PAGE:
Governor Steve Beshear today joined health advocates, lawmakers and survivors of colon cancer to raise awareness of the disease and to highlight the need for more prevention and education funding across Kentucky.
"Colon cancer is a terrible disease that affects the lives of many Kentucky families," Gov. Beshear said. "We have staggering numbers associated with colon cancer in our state, so we must continue to work together to change its course if we are to make a real difference."
Kentucky's incidence of colon cancer was the highest in the nation from 2005-2009. The incidence rate was 19 percent higher than the national average. Kentucky also had the fourth-highest colon and rectal cancer death rate in the United States.
For the second straight budget, Gov. Beshear is proposing $1 million for the Kentucky Colon Cancer Screening Program, or KCCSP, located within the Kentucky Department of Public Health, to continue screenings for low income and uninsured Kentuckians. The Kentucky Cancer Foundation will match the budget allocation.
"There is good news about this disease; it is highly preventable with screening," Gov. Beshear said.
Gov. Beshear and the nonprofit Kentucky Cancer Foundation announced their partnership in early 2012. The foundation is halfway to its goal of matching dollar-for-dollar the $1 million in funding Gov. Beshear placed in his 2012-2014 biennial budget to help the foundation institute selected portions of the state's overall Kentucky Cancer Action Plan.
The initial collaborative project, the KCCSP, is in the process of screening up to 4,000 uninsured Kentuckians through June 30, 2014. To date, more than 1,000 Kentuckians have participated in the program through the efforts of many community partners that include local health departments, hospitals, physicians and federally qualified health centers.
"The Department of Health was honored to accept the responsibility for implementation of the KCCSP and provide training, advising and program management," said Dr. Stephanie Mayfield, commissioner of the department. "I would like to thank all of the many partners who continue to make this program successful."
The Governor said his partnership with the foundation is a perfect example of the type of effort needed to provide education and prevention programs to reduce cancer across the Commonwealth. The colon cancer screenings are part of Gov. Beshear's ongoing efforts to improve the overall health of Kentuckians through the Affordable Care Act and kyhealthnow.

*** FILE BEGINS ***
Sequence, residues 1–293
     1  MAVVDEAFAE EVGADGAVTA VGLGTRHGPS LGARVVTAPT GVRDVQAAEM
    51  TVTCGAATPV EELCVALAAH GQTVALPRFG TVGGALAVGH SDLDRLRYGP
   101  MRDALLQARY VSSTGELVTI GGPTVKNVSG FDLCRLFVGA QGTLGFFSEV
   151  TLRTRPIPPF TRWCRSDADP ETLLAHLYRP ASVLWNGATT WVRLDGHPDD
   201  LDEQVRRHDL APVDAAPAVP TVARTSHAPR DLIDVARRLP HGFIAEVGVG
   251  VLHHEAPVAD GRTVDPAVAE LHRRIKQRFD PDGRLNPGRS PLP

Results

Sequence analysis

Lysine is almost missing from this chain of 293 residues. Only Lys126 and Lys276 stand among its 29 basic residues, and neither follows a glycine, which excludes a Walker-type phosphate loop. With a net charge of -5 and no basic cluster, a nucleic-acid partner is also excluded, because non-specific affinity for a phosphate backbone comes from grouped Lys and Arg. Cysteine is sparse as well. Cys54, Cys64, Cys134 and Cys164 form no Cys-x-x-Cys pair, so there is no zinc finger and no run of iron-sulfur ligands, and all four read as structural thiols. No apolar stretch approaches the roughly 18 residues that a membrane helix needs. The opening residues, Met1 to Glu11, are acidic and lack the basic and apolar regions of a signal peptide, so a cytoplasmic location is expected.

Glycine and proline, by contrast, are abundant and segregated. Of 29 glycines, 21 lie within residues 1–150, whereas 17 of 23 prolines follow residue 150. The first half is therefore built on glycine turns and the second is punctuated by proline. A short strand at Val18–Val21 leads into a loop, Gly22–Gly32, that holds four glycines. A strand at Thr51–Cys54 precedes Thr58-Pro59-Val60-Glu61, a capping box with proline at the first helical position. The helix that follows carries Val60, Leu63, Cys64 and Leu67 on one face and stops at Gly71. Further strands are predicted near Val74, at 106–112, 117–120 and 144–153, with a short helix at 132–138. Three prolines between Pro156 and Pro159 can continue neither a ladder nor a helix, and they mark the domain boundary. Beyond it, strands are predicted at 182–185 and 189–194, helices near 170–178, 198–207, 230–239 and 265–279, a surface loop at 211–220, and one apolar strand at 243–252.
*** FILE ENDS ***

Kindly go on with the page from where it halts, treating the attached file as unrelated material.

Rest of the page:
The Governor launched kyhealthnow last month as an aggressive and wide-ranging initiative to significantly reduce incidence and deaths from Kentucky's dismal health rankings and habits. It builds on Kentucky's successful implementation of health care reform and uses multiple strategies over the next several years to improve the state's collective health. Lieutenant Governor Jerry Abramson is chairing the initiative.
"Kentucky has changed lives with its support of the colon cancer screening program," said Lt. Gov. Abramson. "We will continue to partner with public and private agencies to bring awareness and services to Kentuckians through "Kentucky Health Now' and health care reform to help improve the overall health of the Commonwealth."
At today's event, the Governor signed a proclamation designating March 2014 Colorectal Cancer Awareness Month. Kentucky joined with the Kentucky Cancer Program and partners across the state March 7 to kick off the month with "Dress in Blue Day," chaired by Madeline Abramson, wife of Kentucky's lieutenant governor.
For health advocates and survivors of colon cancer, the proclamation brings a greater awareness of the disease to Kentuckians across the state.
"Kentucky has identified one of its major health issues, and has come together to address its colon cancer problem in a unique fashion," said Dr. Whitney Jones, founder of the Colon Cancer Prevention Project. "We've accepted that everybody should have access to proven prevention and early detection procedures. I think the state should be commended, and I think the partnership should be celebrated.
"It's essential to continue and hopefully expand the work of the KCCSP. If Kentucky is ever to address its nation-leading cancer statistics, we're going to have to address people across the socio-economic spectrum, particularly to make sure those at the highest risk who have the least ability to access services, can participate in the benefits of screening and prevention. Gov. Beshear through the funding of KCCSP has continued to demonstrate leadership in addressing Kentucky's chronic health problems," said Dr. Jones.
Gov. Beshear thanked leaders at the Kentucky Cancer Consortium, the James Graham Brown Cancer Center and the Markey Cancer Center, along with other members of 44 cancer prevention organizations statewide, for their overall efforts to combat various types of cancer in Kentucky.
Kentucky is one of the worst states in the nation for cancer, with 54 percent of all cancer-related deaths in the state attributed to lung, breast, cervical and colon cancers.
In his budget, the Governor also proposed $1 million to expand screenings through the Kentucky Women's Cancer Screening Program to increase breast and cervical cancer screening among Kentucky women, as well as to develop systems to help women navigate the health care system.